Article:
We may banish one worry from our minds by activity, by some kind of solution, by distraction, by trying to control it, by alcohol, or medication. But if we don’t fill our lives with the Spirit of Christ, the powers of heaven, then the spirit of worry will return with many more companions to plague our existence. Without a positive inflowing of the presence of God we will be vulnerable to being filled with anxiety about the future. The evil spirit will return with his partners in crime: worry, fear, angst, dread, apprehensiveness, obsessive thoughts, fretfulness if we don’t protect our minds by faith in Christ.
Living in the present without anxiety requires constant vigilance. Jesus teaches (Matthew 6:25-33) that we must recognize several truths if we are to keep anxiety at bay.
1. The gift of life is more important than material possessions.
2. Our lives are of greater value to God than wildlife and yet God takes care of all his creatures.
3. Anxiety will not improve our situation or contribute to our longevity.
4. God knows what you need and will provide for you.
5. Make seeking God’s will your highest priority.
Rudyard Kipling wrote;
“If you can fill the unforgiving minute
With sixty seconds worth of distance run,
Yours is the Earth and everything, that’s in it.”
If you can fill each day, each 24 hours, each 1,440 minutes with fulfilling God’s purpose, seeking first his kingdom, you will not have time for anxiety.
What is God doing in your life right now, today? What is he saying to you? What does he want you to be and to do right now? Answers to these questions can occupy your mind rather than anxiety about tomorrow.
“God will help you deal with whatever hard things come up when the time comes.” “God will take care of your tomorrow too.” You see, tomorrow becomes your present day when it arrives. God will help you to take care of it because you will be living in the present. The past has gone, and the future has not happened. All that we have is the present. Tomorrow becomes the present, but we can do nothing about it until it comes. God is in the future and the past because he is eternal. He is able to help you because that is his expertise.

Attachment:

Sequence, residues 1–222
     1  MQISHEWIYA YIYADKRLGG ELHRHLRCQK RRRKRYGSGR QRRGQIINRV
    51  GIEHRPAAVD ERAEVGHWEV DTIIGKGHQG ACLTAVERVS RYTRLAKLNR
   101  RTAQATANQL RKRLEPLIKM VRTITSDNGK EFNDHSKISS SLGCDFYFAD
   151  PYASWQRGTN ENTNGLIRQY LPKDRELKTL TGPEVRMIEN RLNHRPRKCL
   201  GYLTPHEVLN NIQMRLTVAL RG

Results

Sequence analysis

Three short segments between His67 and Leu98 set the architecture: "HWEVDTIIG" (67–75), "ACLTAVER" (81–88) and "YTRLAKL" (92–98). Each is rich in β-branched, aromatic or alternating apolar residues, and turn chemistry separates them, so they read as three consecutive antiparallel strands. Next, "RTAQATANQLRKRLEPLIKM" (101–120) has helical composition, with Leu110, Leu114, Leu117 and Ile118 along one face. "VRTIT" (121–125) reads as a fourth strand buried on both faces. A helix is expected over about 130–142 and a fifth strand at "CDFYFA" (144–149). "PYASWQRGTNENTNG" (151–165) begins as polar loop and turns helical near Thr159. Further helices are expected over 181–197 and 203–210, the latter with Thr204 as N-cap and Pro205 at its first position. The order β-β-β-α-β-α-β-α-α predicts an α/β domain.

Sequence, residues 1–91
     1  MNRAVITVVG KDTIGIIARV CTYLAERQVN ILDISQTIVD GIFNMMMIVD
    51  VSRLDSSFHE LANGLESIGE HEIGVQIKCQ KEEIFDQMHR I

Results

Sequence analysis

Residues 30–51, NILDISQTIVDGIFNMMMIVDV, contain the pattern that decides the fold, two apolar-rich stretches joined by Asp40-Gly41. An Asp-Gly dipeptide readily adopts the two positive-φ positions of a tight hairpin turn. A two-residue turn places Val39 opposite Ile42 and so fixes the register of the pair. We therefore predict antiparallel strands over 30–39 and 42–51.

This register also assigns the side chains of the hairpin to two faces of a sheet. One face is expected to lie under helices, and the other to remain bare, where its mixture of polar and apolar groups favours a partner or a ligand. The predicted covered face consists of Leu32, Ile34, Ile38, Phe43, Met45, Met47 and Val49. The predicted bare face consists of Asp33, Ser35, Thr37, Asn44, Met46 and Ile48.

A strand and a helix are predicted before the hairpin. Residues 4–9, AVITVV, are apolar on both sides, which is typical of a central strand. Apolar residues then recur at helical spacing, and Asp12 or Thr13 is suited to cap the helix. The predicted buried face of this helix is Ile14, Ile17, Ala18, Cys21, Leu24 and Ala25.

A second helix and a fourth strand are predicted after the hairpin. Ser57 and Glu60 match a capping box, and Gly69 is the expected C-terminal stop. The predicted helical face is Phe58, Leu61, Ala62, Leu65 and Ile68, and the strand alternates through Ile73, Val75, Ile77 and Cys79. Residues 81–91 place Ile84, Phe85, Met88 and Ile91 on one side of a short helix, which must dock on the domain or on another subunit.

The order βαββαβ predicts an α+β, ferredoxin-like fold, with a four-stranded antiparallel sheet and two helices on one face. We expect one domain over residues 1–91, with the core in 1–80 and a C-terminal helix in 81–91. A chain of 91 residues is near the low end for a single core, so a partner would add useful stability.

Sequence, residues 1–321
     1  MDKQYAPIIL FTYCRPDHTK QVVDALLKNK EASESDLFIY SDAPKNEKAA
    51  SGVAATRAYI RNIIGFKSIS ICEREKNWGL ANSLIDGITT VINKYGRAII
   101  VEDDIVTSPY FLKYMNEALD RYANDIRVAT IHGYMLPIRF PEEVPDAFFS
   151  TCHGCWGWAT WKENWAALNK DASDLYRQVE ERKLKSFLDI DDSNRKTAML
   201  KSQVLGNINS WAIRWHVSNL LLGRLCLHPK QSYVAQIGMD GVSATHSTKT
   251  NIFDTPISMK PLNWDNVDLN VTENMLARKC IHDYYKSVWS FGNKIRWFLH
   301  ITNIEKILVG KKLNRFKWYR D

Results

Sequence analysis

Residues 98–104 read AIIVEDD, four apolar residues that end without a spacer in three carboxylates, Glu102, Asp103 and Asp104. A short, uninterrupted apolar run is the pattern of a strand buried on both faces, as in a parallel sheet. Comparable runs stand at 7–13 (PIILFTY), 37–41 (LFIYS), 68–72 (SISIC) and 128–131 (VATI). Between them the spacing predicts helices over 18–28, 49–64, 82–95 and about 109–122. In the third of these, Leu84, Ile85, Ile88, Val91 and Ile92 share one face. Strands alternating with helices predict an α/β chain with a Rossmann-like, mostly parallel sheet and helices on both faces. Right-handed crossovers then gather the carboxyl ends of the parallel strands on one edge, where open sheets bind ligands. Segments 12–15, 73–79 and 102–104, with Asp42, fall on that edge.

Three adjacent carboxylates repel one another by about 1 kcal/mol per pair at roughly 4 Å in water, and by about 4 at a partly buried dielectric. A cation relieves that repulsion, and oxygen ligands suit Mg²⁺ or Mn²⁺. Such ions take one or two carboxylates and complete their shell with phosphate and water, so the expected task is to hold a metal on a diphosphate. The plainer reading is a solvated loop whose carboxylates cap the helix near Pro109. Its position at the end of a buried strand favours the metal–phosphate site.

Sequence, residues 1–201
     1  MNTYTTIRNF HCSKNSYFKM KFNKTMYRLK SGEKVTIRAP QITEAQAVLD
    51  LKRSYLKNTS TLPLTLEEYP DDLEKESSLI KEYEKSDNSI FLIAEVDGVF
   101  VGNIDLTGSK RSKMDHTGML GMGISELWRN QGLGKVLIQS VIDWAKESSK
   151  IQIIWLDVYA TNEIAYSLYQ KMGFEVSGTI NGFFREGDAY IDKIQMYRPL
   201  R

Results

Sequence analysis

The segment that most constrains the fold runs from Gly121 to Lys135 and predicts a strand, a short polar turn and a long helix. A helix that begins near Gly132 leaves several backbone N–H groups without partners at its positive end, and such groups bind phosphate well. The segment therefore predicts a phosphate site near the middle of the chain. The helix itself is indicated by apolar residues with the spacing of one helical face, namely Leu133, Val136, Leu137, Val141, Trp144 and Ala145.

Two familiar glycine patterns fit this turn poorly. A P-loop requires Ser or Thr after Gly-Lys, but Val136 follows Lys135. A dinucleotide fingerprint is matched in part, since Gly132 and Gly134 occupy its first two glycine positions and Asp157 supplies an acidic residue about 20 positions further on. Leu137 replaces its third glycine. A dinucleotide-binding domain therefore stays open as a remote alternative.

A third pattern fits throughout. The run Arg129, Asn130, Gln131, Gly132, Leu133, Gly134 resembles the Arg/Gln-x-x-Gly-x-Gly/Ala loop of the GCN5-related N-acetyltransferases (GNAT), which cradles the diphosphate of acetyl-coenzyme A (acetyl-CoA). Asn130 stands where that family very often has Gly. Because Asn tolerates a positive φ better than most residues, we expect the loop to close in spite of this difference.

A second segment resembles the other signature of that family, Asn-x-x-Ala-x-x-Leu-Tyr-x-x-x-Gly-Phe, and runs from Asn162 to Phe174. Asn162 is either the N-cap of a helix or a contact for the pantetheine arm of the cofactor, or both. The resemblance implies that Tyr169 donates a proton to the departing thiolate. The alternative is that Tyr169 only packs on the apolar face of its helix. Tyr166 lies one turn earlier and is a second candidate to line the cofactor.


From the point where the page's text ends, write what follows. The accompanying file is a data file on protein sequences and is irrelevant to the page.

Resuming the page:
St. Paul was able to say: “I know whom I have believed, and am convinced that he is able to guard what I have entrusted to him until that final day.” (2 Timothy 1:12) We can trust God to help us, to take care of us, because we know who he is as revealed in Jesus. Handley Moule expressed what Paul meant when he wrote this: “he knew him, deeply and dearly indeed, as his Lord, Life, Way, and End. He knew him as the perfect and absolutely satisfying Object of his worship and his love. He knew him as the Bearer of his sins and the Conqueror of his death. He was filled all through his being with ‘the excellency of the knowledge of Christ Jesus his Lord.’ And so – what else could he do? – he had ‘trusted him.’ He had given himself over to him, to be saved, ruled, kept, and guided; and he knew that this trust had been met by the all-faithful Lord. And if it was so, then all was well, and well for ever.”
We can trust God for our future because God is trustworthy – worthy of our trust. To be anxious about the future is the opposite of trusting in God. We have a choice: be anxious or trust in God. To be anxious is life-denying. To trust in God is life-affirming. To be anxious is unhealthy. To trust in God is healthy. The future is full of possibility – yes, possibility for evil over which you can have no control, but also possibility for good as we trust in God’s love and goodness and grace. God’s promise is sure.
“Now to him who is able to do immeasurably more than all we ask or imagine, according to his power that is at work within us, to him be glory in the church and in Christ Jesus throughout all generations, for ever and ever. Amen.” (Ephesians 3:20,21)
December 30, 2007